- Table of National Cases
- Table of Treaties, Declarations, and Other International Instruments
- Table of Abbreviations
- Notes on the Contributors
- Moral Philosophy
- Biological Foundations of Human Rights
- Sociology of Human Rights
- The Psychological Foundations of Human Rights
- Anthropology and the Grounds of Human Rights
- The Foundations of Justice and Human Rights in Early Legal Texts and Thought
- General Principles and Constitutions as Sources of Human Rights Law
- The Anti-Slavery Movement and the Rise of International Non-Governmental Organizations
- Diplomatic Protection as a Source of Human Rights Law
- Humanitarian Law as a Source of Human Rights Law
- Social Justice, Rights, and Labour
- The Protection of Minorities under the Auspices of the League of Nations
- Human Dignity
- Democracy and the Rule of Law
- The Law-Making Process: From Declaration to Treaty to Custom to Prevention
- Core Rights and Obligations
- Jus Cogens and Obligations Erga Omnes
- Positive and Negative Obligations
- From Commission to the Council: Evolution of UN Charter Bodies
- The Role and Impact of Treaty Bodies
- The Role of International Tribunals: Law-Making or Creative Interpretation?
- Universality and the Growth of Regional Systems
- National Implementation and Interpretation
- Roles and Responsibilities of Non-State Actors
- Interpretation of Human Rights Treaties
- Enforcing Human Rights Through Economic Sanctions
- Transnational Litigation: Jurisdiction and Immunities
- The Use of International Force to Prevent or Halt Atrocities: From Humanitarian Intervention to the Responsibility to Protect
- Trade Law and Investment Law
- Creating and Applying Human Rights Indicators
- What Outcomes for Victims?
- Human Rights Make a Difference: Lessons from Latin America
Abstract and Keywords
This article discusses the lessons that can be learned from the history of the enforcement of human rights law in Latin America. It explains that there were mass human rights violations in the region during the 1970s under military dictatorship and describes how the Latin American communities have adopted the language of international human rights to advance the construction of more just and free societies with accountable governments. It highlights the role of civil society in the gradual process of incorporating human rights norms into the domestic legal systems.
Juan E. Méndez holds an Abogado degree (JD equivalent) from the Stella Maris Catholic University, Mar del Plata, Argentina, and a certificate from the Washington College of Law, The American University, Washington DC (1980). He is admitted to the Bar of the District of Columbia, USA and of Buenos Aires and Mar del Plata, Argentina. He teaches at the Washington College of Law and is currently the United Nations Special Rapporteur on Torture. He is the author, with Marjory Wentworth, of Taking a Stand: The Evolution of Human Rights (Palgrave MacMillan 2011). He was President of the International Center for Transitional Justice between 2004 and 2009. He is a Visiting Fellow, Kellogg College, Oxford, and in 2009 and 2010 he was an Adviser to the Prosecutor, International Criminal Court, on Crime Prevention. In the summer of 2009 he was a Scholar-in-Residence at the Ford Foundation, New York. He is also former Special Adviser to the Secretary General (UN) on Prevention of Genocide. At Human Rights Watch he directed the Americas division (1982–93) and was later General Counsel (1994–96). He was Executive Director of the Inter-American Institute of Human Rights in Costa Rica (1996–99). From 2000 to 2003 he was a member—and in 2002 the President—of the Inter-American Commission on Human Rights, Organization of American States. He has taught at the University of Notre Dame, Georgetown Law School, and Johns Hopkins School of Advanced International Studies (SAIS), and he teaches regularly at the Oxford Masters Programme in International Human Rights Law.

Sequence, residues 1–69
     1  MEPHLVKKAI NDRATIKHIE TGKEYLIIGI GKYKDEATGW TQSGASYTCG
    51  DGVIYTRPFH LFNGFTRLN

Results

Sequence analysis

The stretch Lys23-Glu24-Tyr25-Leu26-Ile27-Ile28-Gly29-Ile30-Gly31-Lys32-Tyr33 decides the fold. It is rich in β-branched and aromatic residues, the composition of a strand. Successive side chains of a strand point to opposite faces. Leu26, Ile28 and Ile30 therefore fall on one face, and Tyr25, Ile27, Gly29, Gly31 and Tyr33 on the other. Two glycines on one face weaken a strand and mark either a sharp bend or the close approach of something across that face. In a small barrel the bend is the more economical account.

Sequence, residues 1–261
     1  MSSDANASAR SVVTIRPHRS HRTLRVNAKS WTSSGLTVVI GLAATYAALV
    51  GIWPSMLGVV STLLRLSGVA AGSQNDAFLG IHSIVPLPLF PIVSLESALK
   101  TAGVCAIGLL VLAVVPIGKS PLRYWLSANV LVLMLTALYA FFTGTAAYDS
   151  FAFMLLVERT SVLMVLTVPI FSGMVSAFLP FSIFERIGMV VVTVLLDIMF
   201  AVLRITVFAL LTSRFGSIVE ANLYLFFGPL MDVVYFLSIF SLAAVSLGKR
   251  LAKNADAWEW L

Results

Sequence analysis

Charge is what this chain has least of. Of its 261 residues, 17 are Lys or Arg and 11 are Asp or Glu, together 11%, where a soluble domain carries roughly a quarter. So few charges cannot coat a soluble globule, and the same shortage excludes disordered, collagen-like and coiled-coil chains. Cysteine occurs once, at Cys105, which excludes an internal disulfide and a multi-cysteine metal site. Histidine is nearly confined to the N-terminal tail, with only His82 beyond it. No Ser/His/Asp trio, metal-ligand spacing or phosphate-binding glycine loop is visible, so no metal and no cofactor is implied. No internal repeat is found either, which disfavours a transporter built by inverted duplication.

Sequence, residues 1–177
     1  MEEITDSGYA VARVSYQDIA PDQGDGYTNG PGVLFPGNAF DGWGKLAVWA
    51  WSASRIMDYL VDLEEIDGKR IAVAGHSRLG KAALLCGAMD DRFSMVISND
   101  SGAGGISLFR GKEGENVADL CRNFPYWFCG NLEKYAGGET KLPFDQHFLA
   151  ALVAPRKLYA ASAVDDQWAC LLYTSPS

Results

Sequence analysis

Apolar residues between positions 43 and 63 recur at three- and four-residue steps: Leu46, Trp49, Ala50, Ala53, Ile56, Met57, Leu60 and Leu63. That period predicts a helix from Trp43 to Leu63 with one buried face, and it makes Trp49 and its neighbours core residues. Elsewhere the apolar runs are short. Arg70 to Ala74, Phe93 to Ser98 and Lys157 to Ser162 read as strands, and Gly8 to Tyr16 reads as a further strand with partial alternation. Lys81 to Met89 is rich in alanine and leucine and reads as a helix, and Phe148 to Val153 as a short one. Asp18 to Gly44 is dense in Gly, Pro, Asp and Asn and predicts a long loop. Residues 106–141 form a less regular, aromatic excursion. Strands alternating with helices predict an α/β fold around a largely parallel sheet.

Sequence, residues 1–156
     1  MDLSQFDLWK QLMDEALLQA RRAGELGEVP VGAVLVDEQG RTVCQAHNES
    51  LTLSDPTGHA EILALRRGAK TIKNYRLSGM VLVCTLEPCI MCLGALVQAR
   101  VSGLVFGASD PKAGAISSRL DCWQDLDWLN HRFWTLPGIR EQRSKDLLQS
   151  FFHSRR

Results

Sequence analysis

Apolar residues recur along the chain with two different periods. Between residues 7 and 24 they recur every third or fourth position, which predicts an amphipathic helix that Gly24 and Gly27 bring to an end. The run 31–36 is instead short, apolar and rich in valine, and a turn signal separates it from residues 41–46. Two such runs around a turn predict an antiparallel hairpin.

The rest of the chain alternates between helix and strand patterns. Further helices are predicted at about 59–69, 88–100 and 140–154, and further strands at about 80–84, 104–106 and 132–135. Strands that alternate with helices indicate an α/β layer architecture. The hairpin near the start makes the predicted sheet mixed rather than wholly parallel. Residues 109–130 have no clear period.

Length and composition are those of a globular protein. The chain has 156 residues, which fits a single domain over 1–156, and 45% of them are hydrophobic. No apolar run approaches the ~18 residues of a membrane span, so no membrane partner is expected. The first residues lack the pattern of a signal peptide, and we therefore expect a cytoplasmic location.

Catherine Cone is a 2013 J.D. candidate at American University Washington College of Law who served as a research assistant to Juan E. Méndez. She has worked for the International Center for Transitional Justice in Bogotá, Colombia, and the American Bar Association’s Rule of Law Initiative in Washington, DC. At her law school, Ms. Cone serves on the American University Law Review and founded a mentoring program for first generation law students.
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